Preston Road - originally just ’Preston’ - is situated west along the Metropolitan Line from Wembley Park.
Forty Farm was situated where the Sudbury to Kingsbury road crossed the Lidding at Forty Bridge.
In the 14th or 15th centuries, people, including the Uxendon family from Uxendon Farm
, moved south to form another small community at Forty Green.
This settlement was known as Uxendon Forty, Wembley Forty or Preston
Forty. The farm at Forty Green was at first called Pargrave's, and later South Forty Farm.
Even as late as the 19th century, the area had not changed significantly. London's growing need for hay meant that Forty Farm had converted to hay farming by 1852 and indeed was noted for its horses. In the 1831 census, Forty Farm housed 10 people
The construction of the Metropolitan Railway in 1880 effectively destroyed Forty Green, although South Forty Farm continued into the 20th century. In 1928 the farm became the headquarters of the Century Sports Ground. The celebrated gunsmiths Holland & Holland had a shooting ground nearby. As Forty Farm Sports Ground the site of the farm remains green to this day.
The Holland & Holland grounds, however, were built over after 1931. Housing spread along Preston
Road and Preston
Hill in the three years that followed.
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Preston, meaning ’the farm belonging to the priest’, began as a small settlement at Preston Green, just south west of the Lidding or Wealdstone Brook, south of Kenton. It was first mentioned in 1220. The name may come from an estate given to Abbot Stidberht by King Offa of Mercia in 767, but any connection with Preston Road
as a rural lanethe Church had been lost by 1086. Preston was a township by 1231.
By the mid-15th century Preston consisted of two farms and a few cottages. The northern farm belonged to the Lyon family from the late 14th century and is described as being a beautiful building in 1547. It was probably the birthplace of John Lyon (1534-92), a considerable local landowner who founded Harrow School in 1572. After his death the farm was given as an endowment for the upkeep of the school. It was rebuilt around 1700. The southern farm was originally known as Preston Dicket and later as Preston Farm.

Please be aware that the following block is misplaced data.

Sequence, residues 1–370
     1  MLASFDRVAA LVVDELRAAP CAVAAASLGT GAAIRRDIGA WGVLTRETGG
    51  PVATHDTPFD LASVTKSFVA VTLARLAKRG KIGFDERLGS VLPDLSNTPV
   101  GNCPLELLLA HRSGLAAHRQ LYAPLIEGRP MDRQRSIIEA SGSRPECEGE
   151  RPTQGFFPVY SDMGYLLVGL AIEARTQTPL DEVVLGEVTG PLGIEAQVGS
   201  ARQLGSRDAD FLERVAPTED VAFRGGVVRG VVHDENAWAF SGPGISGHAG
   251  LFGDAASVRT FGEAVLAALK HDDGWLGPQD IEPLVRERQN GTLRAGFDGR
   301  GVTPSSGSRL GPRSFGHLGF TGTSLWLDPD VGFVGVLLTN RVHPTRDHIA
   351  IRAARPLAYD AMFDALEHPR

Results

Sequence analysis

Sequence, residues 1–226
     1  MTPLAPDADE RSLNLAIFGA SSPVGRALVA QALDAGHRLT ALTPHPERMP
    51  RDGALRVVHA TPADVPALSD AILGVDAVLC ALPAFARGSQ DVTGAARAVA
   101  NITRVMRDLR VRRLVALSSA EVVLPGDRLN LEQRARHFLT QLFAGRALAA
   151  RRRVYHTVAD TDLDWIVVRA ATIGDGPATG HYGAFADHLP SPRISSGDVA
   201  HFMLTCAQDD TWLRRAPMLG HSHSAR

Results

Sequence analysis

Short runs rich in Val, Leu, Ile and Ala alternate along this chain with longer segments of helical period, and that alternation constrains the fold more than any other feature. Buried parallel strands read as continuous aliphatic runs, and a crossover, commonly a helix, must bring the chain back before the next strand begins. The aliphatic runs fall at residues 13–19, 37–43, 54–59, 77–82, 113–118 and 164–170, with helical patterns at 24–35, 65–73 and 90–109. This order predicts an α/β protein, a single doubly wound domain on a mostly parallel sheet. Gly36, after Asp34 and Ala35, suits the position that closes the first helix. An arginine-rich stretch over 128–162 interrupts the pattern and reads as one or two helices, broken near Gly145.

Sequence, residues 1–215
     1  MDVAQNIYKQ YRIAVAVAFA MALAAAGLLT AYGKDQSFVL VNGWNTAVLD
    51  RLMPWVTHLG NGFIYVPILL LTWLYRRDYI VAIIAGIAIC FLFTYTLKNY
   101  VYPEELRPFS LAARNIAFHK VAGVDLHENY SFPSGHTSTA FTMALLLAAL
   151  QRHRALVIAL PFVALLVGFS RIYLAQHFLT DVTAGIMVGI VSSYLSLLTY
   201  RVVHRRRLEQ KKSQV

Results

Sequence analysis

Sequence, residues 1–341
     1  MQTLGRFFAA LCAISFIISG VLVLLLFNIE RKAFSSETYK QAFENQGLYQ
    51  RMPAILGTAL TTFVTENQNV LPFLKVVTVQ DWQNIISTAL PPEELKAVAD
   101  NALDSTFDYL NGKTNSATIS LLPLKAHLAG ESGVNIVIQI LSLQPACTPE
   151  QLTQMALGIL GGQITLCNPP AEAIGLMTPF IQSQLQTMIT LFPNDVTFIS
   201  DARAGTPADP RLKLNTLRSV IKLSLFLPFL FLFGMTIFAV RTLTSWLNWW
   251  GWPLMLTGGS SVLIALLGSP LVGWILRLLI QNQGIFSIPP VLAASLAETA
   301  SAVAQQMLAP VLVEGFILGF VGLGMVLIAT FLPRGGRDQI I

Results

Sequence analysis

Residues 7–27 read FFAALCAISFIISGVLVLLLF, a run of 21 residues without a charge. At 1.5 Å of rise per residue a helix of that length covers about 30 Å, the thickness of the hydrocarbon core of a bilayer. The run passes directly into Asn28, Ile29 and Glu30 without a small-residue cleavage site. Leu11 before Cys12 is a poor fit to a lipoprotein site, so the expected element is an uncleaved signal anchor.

By 1681 five buildings had been built on Preston Green, including a new farmhouse, Hillside
Farm. In 1759 there were nine buildings at Preston, including the ’Horseshoe’ inn,
which was licensed in 1751.
The district did not change significantly in the 19th century. The agricultural depression after the Napoleonic Wars led to an outbreak of violence in the area around 1828, when desperate agricultural labourers burnt haystacks and threatened local landowners, including the relatively benevolent Lord Northwick.
64 people lived in Preston in 1831 and 57 in 1851.
In 1851 the ’Rose & Crown’ beerhouse is mentioned at the top of Preston Hill
(beerhouses flourished from 1830 to 1869 and were intended to discourage the sale of spirits). It appears to have been part of Hillside
Farm, and is never mentioned again.
Preston House was leased to various professional men during the 19th century, including a surgeon, a cigar importer and a solicitor.
In 1864 two villas replaced the four nearby cottages. Around 1880 Preston House was acquired by George Timms, who turned the grounds into Preston Tea Gardens. The Tea Gardens flourished well into the next century.